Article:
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I am creating a Regex ^(http://|https://|ldap://|ldaps://){1}[\S]*$ to validate these types of URL

It should not validate

I will use it for javascript

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ldap://192.442.242.244:389 is not valid IP. –  xfix Feb 16 '12 at 7:31

2 Answers 2

for IPs you can use
But for other urls... You have to check if site responds. Because it can be a site say wwsw.com and how should your regex know if it's a real site or no? there can be a real site with subdomain wwsw.
GlitchMr is right. For IPv4 use his regex.

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m{ (?:ldap|http)s?://                   # Scheme

(?:(?!.*\d[/?:]) [a-z0-9\-._~%]+      | # IPv4 host (forbid ending with digit)
   # IP (yep, I've copied this regexp)
   \[[a-z0-9\-._~%!$&'()*+,;=:]+\] ) # or IPv6 host

(?::\d+)?                            # Port


  [/?]                               # Slash or question mark

  [-A-Z0-9+&@#/%?=~_|$!:,.;]*        # URL itself

)? # Technically, trailing / is required in URLs, but many browser implementations ignore it when accepting those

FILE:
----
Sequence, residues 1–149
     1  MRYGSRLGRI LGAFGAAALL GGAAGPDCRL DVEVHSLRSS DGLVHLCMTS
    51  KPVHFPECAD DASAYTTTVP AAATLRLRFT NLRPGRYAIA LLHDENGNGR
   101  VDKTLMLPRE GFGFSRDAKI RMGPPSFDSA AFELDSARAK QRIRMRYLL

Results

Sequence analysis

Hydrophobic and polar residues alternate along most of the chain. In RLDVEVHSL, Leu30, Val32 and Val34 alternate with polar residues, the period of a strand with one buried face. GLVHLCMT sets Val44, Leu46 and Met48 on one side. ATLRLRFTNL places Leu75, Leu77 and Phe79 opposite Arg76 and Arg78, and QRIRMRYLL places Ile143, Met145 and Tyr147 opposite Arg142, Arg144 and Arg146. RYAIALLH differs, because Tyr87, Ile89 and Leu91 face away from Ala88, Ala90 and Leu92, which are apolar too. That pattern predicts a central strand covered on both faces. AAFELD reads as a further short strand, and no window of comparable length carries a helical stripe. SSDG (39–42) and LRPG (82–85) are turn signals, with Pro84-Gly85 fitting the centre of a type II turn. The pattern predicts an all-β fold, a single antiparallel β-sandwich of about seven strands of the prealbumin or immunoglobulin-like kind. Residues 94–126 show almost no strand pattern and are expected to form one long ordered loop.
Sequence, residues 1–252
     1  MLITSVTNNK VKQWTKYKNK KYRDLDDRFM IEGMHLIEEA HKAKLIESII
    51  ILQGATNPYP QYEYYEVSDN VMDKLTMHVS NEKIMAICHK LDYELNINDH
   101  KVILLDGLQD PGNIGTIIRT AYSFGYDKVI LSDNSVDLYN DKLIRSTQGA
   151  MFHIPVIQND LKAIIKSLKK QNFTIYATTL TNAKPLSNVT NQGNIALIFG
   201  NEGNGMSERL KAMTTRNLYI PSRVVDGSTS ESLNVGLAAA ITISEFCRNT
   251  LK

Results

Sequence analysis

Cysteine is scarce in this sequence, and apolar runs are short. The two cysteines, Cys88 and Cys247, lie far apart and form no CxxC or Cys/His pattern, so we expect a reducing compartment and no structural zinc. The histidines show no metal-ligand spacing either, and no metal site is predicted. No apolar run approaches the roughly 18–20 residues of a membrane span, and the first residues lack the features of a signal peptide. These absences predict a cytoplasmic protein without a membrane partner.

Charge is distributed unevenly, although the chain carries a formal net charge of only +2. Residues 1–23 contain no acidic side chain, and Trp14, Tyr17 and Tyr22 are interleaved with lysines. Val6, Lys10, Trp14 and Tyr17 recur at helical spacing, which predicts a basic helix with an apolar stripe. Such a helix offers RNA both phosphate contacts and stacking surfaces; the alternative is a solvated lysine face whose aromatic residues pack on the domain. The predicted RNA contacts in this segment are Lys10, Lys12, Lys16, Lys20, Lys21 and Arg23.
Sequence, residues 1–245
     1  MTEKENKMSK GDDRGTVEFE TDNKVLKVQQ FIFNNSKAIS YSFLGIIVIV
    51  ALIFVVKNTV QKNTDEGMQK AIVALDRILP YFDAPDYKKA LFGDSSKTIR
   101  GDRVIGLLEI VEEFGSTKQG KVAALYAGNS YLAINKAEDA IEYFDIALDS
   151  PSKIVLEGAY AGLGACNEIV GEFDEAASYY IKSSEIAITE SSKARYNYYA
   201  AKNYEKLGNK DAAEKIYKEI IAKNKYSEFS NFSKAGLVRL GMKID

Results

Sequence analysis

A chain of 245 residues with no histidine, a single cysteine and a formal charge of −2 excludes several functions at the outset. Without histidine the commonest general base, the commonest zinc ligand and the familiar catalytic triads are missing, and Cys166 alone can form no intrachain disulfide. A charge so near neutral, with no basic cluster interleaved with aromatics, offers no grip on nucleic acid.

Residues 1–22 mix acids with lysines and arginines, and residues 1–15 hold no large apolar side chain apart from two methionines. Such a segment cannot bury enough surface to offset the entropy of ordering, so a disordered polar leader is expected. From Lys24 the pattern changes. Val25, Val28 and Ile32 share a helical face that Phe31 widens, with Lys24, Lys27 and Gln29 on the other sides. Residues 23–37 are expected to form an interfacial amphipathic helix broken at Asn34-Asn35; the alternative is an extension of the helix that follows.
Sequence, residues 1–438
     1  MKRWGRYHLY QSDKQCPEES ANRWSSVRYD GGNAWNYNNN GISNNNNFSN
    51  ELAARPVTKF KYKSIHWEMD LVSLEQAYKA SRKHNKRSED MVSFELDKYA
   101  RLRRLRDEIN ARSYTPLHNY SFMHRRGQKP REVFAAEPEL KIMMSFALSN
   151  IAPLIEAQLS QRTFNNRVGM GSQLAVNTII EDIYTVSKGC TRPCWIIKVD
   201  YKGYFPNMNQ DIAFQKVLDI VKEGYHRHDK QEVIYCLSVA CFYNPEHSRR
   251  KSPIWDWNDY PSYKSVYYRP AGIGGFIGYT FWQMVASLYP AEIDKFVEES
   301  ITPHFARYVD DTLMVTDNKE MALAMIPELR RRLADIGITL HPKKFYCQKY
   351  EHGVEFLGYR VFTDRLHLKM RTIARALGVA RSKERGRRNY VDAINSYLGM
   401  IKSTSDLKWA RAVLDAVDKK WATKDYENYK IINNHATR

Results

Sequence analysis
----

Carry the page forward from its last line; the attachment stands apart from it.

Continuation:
This regular expression should work with /ix. As JS doesn't include /x modifier, I'm going to include version without it.


Note that a lot of characters are allowed in HTTP URLs without escaping using % mark. You probably wouldn't want URL to not pass just because it contains allowed in URLs character * :).

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Not working for stackoverflow.com. I checked it in expresso tool. –  Imran Tariq Feb 16 '12 at 7:12
@imrantariq: OK, I've added intentional breaking of HTTP standard by allowing ? without slash. By the way, http://wwsw.stackoverflow.com is technically valid URL. It's entirely possible to make such subdomain. Checking if URL exists is outside of scope of regexpes - it requires actual network connection. –  xfix Feb 16 '12 at 7:15

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